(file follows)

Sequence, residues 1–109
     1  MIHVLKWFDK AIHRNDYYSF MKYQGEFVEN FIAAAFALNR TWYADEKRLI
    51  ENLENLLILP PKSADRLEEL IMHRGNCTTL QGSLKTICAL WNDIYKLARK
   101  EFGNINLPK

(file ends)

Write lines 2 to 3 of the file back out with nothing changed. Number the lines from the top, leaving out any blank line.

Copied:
     1  MIHVLKWFDK AIHRNDYYSF MKYQGEFVEN FIAAAFALNR TWYADEKRLI
    51  ENLENLLILP PKSADRLEEL IMHRGNCTTL QGSLKTICAL WNDIYKLARK